Treatment Options for Dogs with Chronic Kidney Failure
If your dog’s condition is caused by some factor other than damaged kidneys — for example a disease that decreases blood flow to the kidneys or a urinary tract obstruction — it’s possible the problem with the kidneys can be reversed with appropriate treatment of the underlying cause.
If the disease is the result of irreversible kidney tissue damage, in many cases renal function will stabilize for weeks or months at a time. The disease will progress and kidney function will continue to deteriorate, but the good news is your dog’s symptoms can often be minimized with supportive treatment.
Fluid therapy is the foundation of treatment for dogs with kidney failure, primarily to prevent dehydration due to the large amount of water that is passed out of the body. Subcutaneous (under the skin) fluid delivery may be necessary, and many dog parents opt to learn to do this at home with instruction from their veterinarian.
Potassium is often added to the fluids or the dog’s diet to safeguard against muscle weakness and heart rhythm disturbances that result from low electrolyte levels. In some cases, intravenous (IV) fluids may also be required.
Additional Tips When Caring for a Dog with Kidney Failure
Your dog should have round-the-clock access to fresh, clean water. Withholding water, even overnight, will not solve her need to urinate in the middle of the night and could cause a real health crisis.
You’ll also need to keep careful track of the amount of food and water she consumes each day. If consumption decreases, additional fluids must be administered to prevent dehydration. You should also weigh your dog at least weekly to insure she’s getting enough calories to maintain her weight and proper hydration.
The food you feed a dog with chronic kidney failure is also critically important for disease management and overall well-being. I strongly urge feeding an organic, fresh food diet to pets with kidney dysfunction. A reduced amount of high-quality, human-grade protein is essential, as is eliminating all dry foods, which can exacerbate dehydration. Feeding a high-moisture, reduced phosphorus diet is crucial in managing your dog’s kidney disease.
The only veterinarian-recommended commercially available fresh food kidney diet for dogs is made by Darwin’s Natural Pet Products. An integrative or holistic veterinarian is your best resource for advice on the right supplements and medications as necessary, as well as other therapies that can help sustain your pet’s health and quality of life.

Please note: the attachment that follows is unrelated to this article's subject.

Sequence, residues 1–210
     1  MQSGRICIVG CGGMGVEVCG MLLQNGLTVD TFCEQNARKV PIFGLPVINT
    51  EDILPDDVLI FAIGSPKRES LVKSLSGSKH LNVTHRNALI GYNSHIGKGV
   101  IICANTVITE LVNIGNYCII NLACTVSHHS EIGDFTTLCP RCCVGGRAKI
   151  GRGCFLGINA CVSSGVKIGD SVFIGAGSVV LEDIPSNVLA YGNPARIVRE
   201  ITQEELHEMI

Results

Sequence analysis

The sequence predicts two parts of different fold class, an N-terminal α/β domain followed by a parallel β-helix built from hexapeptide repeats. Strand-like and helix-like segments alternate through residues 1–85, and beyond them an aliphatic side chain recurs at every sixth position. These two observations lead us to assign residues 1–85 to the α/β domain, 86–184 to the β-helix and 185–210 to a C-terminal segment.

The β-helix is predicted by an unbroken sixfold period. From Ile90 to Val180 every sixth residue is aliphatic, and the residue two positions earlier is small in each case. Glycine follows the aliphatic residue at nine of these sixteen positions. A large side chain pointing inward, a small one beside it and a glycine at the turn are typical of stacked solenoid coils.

Tips for Keeping Your Dog’s Kidneys Healthy
Not every cause of canine kidney failure is known or understood, nor can every case of acute or chronic kidney disease be prevented. However, there are a number of things you can do that will help promote the health and longevity of your canine companion’s vital kidney function.
- Insure your dog is kept safely away from toxic substances like antifreeze, heavy metals, rodenticides and other pesticides, common household medicines, and certain foods and plants.
- Any dog with a bacterial infection, urinary obstruction or other illness should receive appropriate treatment in a timely fashion.
- Insure your dog is never hit or kicked or allowed to run loose through the neighborhood to avoid possible trauma to her kidneys.
- Limit the drugs, vaccines, and chemical pest preventives your dog is subjected to throughout her life to reduce the amount of toxins her liver and kidneys must process. Kidney failure in elderly dogs is usually the result of worn-out organs.
- Feed an organic, fresh food diet instead of commercial pet food to supply your dog’s body with the fundamental nutrition she requires for the health of every organ and system in her body.
- Make sure your pet gets at least one and preferably two wellness exams, including a urinalysis, with your holistic or integrative veterinarian each year. This is the best way to stay on top of your pet’s health and address problems as they arise.
Oregon Veterinary Specialty Hospital (OVSH) has been serving the Portland and Beaverton area community since 1979. Drs. Steven F. Skinner (Neurology, Neurosurgery) and Robert T. Franklin (Internal medicine.) We welcome referrals from veterinarians all over the Pacific Northwest. Our goal is to help your pet regain health and live a long and happy life.
Oregon Veterinary Specialty Hospital
9339 SW Beaverton Hillsdale Hwy,
Beaverton, OR 97005.